WHAT LEARNING MAGIC TAUGHT ME ABOUT LIFE
I was a professional magician for about ten years of my life. As requested from another lister, here's some life lessons I learned from my life in magic...
- •Seeing Is Not BelievingMany times people say, "show me" or "I'll believe it when I see it". But I can do things that seem like miracles and really are not. The mind can play tricks on you. Seeing combined with critical thinking and a community of counselors are best.
- •Memory is not always reliableIt's always fun to hear people describe a magic trick or show they saw me do in the past. Often they claim I did things I know I never did (and often would have been impossible to do)
- •The perception of reality Is plastic, but reality itself is pretty harsh.Figuring out how to bypass the laws that govern reality takes a lot of work, that said, the perception of reality is easy to manipulate once you know how.
- •Magic is not a highly respected form of artUnless you are really committed to it, pursue something else.
- •Most successful people fool you by making their hard work look easy. It's all hard work, you just can't always see it from the audience.The average magic trick requires 100 hours minimum before I even test it with someone. Most joke writers write 300 jokes for every one they use. Most songwriters have 1000's of songs that suck. You never see what it takes to get there making you believe it's easier than it is, so many try and fail. It's all hard work.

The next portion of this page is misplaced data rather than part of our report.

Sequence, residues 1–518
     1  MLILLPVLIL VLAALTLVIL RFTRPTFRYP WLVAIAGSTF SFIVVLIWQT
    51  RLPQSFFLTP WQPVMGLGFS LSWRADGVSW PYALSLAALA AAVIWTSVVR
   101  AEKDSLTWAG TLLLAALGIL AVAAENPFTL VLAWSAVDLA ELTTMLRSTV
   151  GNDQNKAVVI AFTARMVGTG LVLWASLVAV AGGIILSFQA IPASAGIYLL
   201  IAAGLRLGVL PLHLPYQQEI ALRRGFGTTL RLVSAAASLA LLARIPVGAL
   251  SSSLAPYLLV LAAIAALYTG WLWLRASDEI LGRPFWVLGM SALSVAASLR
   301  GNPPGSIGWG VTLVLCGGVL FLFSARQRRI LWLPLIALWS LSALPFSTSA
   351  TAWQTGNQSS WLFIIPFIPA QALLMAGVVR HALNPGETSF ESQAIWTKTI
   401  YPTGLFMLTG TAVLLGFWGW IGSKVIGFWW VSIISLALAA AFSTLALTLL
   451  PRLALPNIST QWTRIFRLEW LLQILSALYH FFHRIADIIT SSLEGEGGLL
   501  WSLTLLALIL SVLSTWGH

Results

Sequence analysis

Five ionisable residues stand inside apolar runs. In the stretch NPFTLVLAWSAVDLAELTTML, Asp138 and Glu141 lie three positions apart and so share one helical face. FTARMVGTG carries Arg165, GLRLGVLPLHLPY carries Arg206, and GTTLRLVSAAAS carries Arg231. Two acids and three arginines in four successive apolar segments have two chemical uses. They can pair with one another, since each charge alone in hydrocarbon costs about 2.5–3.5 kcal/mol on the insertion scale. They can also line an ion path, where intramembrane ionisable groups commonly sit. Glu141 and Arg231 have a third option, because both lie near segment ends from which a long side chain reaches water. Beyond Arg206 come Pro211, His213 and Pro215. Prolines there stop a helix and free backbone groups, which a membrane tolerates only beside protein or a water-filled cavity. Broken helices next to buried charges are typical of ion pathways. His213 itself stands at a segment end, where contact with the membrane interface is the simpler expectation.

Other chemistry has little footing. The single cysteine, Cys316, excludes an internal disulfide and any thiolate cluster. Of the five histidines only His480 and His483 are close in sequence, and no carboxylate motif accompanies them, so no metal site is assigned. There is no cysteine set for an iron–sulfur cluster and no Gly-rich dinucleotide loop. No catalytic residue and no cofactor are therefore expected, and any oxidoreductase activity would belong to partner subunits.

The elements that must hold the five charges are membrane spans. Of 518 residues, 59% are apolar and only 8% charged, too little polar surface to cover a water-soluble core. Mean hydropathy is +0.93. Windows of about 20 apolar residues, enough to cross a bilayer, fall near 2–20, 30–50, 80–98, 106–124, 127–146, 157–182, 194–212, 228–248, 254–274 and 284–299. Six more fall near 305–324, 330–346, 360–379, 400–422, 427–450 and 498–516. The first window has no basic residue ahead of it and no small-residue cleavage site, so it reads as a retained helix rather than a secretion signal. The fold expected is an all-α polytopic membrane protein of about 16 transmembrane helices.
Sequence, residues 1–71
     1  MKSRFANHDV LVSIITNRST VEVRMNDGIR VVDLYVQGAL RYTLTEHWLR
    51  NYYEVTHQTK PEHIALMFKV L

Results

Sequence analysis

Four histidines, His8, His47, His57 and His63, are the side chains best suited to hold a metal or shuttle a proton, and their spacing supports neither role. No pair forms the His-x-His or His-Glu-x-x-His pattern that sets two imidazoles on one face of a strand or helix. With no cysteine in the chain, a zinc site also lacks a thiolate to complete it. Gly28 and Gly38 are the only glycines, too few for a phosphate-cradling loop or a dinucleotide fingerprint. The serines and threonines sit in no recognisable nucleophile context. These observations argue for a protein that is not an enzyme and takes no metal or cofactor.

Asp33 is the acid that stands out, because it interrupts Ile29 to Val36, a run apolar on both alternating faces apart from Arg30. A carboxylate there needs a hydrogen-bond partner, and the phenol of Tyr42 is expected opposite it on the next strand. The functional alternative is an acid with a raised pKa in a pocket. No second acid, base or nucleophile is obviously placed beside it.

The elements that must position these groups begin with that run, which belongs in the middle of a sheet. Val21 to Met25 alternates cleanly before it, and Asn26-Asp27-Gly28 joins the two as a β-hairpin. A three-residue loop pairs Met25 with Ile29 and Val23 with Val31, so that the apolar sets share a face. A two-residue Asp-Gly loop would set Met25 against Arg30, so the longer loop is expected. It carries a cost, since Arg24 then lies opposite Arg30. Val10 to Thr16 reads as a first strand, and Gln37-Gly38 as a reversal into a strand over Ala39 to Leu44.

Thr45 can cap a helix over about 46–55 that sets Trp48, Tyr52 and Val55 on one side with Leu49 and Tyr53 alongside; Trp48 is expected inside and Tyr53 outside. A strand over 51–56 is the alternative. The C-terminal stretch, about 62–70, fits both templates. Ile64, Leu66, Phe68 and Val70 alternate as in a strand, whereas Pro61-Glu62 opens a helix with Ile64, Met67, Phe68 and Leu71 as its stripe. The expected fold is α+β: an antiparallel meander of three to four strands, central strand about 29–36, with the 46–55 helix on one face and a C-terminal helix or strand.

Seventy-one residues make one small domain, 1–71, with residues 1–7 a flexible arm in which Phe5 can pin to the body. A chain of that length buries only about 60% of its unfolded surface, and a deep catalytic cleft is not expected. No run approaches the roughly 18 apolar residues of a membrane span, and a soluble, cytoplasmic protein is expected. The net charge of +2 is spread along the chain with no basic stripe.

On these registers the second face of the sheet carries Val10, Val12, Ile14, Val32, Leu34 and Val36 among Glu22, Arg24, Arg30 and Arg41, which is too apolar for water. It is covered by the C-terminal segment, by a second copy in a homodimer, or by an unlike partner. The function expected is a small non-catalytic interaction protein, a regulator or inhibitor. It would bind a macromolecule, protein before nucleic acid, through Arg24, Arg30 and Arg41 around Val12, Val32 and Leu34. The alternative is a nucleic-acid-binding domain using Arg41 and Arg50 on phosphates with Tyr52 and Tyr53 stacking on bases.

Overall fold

- •Adults are easier to fool than childrenChildren never look where you want them too, and they haven't bought into patters that tell them this is how the world works. Adults, have learned to think only when necessary.
- •It's more fun to believe in magic than not to.Magicians are often the biggest fans of magic shows. We live to believe the magic exists, and it does, if you're willing to see it. Sometimes knowing how everything is done just makes a person a jackass. Leave a little room for wonder in your life.
- •The truth is out thereTruth does exist, and it can be known. But it may not be what you thought it was, or wanted it to be. Truth doesn't care how hard you want to believe otherwise, how many people are in agreement, or how crazy it might sound. The truth is stubborn that way.